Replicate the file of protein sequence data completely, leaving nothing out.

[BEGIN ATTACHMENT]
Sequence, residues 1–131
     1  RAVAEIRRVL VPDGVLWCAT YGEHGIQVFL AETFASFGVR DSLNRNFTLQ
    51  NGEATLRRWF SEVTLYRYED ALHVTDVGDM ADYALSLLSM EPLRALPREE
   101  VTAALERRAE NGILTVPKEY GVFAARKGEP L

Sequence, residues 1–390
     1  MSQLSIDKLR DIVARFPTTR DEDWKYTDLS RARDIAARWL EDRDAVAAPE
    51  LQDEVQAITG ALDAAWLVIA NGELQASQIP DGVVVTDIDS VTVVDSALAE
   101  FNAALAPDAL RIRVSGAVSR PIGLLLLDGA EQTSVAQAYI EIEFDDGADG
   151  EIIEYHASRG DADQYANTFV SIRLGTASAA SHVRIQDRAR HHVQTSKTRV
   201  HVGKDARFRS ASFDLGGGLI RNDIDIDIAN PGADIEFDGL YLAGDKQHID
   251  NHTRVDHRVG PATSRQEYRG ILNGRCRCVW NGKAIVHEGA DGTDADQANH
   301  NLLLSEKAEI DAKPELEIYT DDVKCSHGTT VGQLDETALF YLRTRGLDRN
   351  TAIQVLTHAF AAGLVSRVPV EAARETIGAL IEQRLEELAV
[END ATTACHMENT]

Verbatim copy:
Sequence, residues 1–131
     1  RAVAEIRRVL VPDGVLWCAT YGEHGIQVFL AETFASFGVR DSLNRNFTLQ
    51  NGEATLRRWF SEVTLYRYED ALHVTDVGDM ADYALSLLSM EPLRALPREE
   101  VTAALERRAE NGILTVPKEY GVFAARKGEP L

Sequence, residues 1–390
     1  MSQLSIDKLR DIVARFPTTR DEDWKYTDLS RARDIAARWL EDRDAVAAPE
    51  LQDEVQAITG ALDAAWLVIA NGELQASQIP DGVVVTDIDS VTVVDSALAE
   101  FNAALAPDAL RIRVSGAVSR PIGLLLLDGA EQTSVAQAYI EIEFDDGADG
   151  EIIEYHASRG DADQYANTFV SIRLGTASAA SHVRIQDRAR HHVQTSKTRV
   201  HVGKDARFRS ASFDLGGGLI RNDIDIDIAN PGADIEFDGL YLAGDKQHID
   251  NHTRVDHRVG PATSRQEYRG ILNGRCRCVW NGKAIVHEGA DGTDADQANH
   301  NLLLSEKAEI DAKPELEIYT DDVKCSHGTT VGQLDETALF YLRTRGLDRN
   351  TAIQVLTHAF AAGLVSRVPV EAARETIGAL IEQRLEELAV